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Snubbed woman should throw party honoring friend and new husband

Dear Miss Manners: My supposedly best friend got married without telling me. She eloped, and she has been married now for over a month and still has not said anything to me. I noticed that something was wrong when I did not hear from her for two weeks.

We used to talk and keep in touch every other day. When either one of us traveled out of town, we'd call each other. We have helped each other in difficult situations, and she was always there when I needed her. We went through law school together and although we had boyfriends, we made sure that we hung out together for at least an hour or so on holidays. We shared some good and bad times together.I am very upset and deeply hurt. Actually, I cried. I heard inadvertently through the grapevine that she got married.

What kind of friend is she? What should I do? I do not think that I could ever talk to her again.

Gentle Reader: What kind of friend is she? A married friend. Married friends can be wonderful, close and loyal friends, but they sometimes have more pressing considerations than hanging out and sharing confidences with others.

One of these considerations is what made your friend marry in secret. What it was, Miss Manners has no idea, but she doubts it was "Let's run off and escape from Danielle." It isn't as though you had inadvertently heard that she had left you out of a huge wedding with 14 bridesmaids.

Here is what Miss Manners thinks you ought to do: Dry your tears, wish your friend happiness and throw a party in honor of her and her new husband.

Dear Miss Manners: Whenever we have adult guests in our home, I am forced into sitting down and "talking" with them. I find this very awkward, due to the fact that I don't know how to talk with adults. How do you talk to your elders?

Gentle Reader: Not by asking them how old they are, nor by commenting on how much bigger they are than the last time you saw them, nor even by inquiring if they are doing well at work. Miss Manners believes you should treat adults with more respect than they are likely to treat you.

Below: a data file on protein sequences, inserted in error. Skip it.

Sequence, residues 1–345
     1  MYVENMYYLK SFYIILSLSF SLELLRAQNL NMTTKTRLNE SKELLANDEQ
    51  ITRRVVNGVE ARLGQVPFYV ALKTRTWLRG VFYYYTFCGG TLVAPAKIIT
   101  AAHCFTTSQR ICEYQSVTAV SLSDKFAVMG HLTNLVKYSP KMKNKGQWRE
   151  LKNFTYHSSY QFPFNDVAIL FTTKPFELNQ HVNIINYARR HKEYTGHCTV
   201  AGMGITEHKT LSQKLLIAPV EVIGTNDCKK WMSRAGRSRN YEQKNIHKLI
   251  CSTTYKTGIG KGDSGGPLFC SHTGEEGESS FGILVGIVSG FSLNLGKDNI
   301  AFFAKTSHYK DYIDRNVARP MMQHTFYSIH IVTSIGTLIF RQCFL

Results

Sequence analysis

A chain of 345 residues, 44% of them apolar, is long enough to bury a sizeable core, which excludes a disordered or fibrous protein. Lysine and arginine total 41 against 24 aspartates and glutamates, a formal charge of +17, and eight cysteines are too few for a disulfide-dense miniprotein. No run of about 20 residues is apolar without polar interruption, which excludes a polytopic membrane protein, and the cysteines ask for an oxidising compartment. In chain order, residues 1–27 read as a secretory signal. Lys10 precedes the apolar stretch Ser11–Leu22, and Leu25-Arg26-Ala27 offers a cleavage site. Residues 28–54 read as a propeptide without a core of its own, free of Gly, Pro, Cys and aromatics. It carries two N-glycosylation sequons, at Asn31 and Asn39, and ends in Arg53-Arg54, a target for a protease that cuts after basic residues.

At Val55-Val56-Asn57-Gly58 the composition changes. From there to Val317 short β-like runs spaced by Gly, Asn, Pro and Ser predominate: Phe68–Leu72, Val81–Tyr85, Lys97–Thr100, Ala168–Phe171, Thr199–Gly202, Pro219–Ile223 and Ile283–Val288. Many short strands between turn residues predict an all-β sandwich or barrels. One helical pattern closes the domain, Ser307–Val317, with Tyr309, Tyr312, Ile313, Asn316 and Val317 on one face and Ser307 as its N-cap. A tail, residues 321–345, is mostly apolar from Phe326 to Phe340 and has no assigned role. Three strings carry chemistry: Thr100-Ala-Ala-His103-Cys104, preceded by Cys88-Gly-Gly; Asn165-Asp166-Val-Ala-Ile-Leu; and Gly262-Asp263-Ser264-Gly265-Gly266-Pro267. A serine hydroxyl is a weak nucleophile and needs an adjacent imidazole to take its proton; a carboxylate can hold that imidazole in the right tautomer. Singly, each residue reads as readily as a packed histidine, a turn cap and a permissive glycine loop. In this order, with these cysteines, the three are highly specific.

Conversations with people with whom you are thrown involuntarily are always awkward. You don't know their interests, and they don't know yours. The way to make this even more awkward is to base your attempts to talk on the assumption that because of the age difference, you couldn't have any common interests.

Finding out what these interests are is a kind of game in which each person puts out a general question or statement until one gets picked up. But grilling people about their jobs or personal lives is considered rude, however many well-intentioned people can't think of anything else.

In the Anything Else category are such things as, "Horrible weather we're having," "Seen any good movies lately?" and, "How about them (insert name of local team)."

Yes, Miss Manners realizes these are all stunningly unoriginal. That is why they are useful. Everybody can think of an answer or a counter-question.

Dear Miss Manners: On Memorial Day we attended a beautiful service at the Veterans Cemetery, where my family and I paid our respect to all veterans including my dad. We formed a circle around his marker just before we left and said a family prayer.

As we were walking toward our vehicles, a woman who was at her husband's grave shouted to us that we should respect the dead and quit walking over the graves. Mind you, the woman who shouted was sitting on a grave.

I was stunned. I know she is grieving just as much as we are. I was left speechless.

Is there a proper way to walk through a cemetery where all the markers are just about a foot apart? If it is considered disrespectful, I wish to apologize to this woman.

Gentle Reader: One should not walk on graves, even thousand-year-old graves in cathedrals, although Miss Manners has been in places where one would have to be an angel to avoid this.

As you discovered, however, the boundaries may be difficult to discern, particularly the emotional boundaries. So one should take extra precautions -- not only by walking carefully, but by distributing apologies wherever they might help.

Judith Martin is the author of "Miss Manners on Painfully Proper Weddings" (Crown). (C) Judith Martin Dist. by United Feature Syndicate Inc.